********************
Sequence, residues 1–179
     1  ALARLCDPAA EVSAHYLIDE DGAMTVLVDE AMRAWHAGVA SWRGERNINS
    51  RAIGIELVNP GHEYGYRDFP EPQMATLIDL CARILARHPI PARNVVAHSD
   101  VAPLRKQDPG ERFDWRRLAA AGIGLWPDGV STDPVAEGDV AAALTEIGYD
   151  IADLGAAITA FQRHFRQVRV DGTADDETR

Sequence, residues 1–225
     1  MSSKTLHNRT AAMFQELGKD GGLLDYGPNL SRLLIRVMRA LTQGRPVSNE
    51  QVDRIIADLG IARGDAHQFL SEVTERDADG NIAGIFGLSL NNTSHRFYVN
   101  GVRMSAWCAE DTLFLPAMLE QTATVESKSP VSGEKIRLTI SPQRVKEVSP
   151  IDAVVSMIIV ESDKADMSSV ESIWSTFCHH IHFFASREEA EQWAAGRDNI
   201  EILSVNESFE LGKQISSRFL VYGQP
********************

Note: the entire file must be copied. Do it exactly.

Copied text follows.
Sequence, residues 1–179
     1  ALARLCDPAA EVSAHYLIDE DGAMTVLVDE AMRAWHAGVA SWRGERNINS
    51  RAIGIELVNP GHEYGYRDFP EPQMATLIDL CARILARHPI PARNVVAHSD
   101  VAPLRKQDPG ERFDWRRLAA AGIGLWPDGV STDPVAEGDV AAALTEIGYD
   151  IADLGAAITA FQRHFRQVRV DGTADDETR

Sequence, residues 1–225
     1  MSSKTLHNRT AAMFQELGKD GGLLDYGPNL SRLLIRVMRA LTQGRPVSNE
    51  QVDRIIADLG IARGDAHQFL SEVTERDADG NIAGIFGLSL NNTSHRFYVN
   101  GVRMSAWCAE DTLFLPAMLE QTATVESKSP VSGEKIRLTI SPQRVKEVSP
   151  IDAVVSMIIV ESDKADMSSV ESIWSTFCHH IHFFASREEA EQWAAGRDNI
   201  EILSVNESFE LGKQISSRFL VYGQP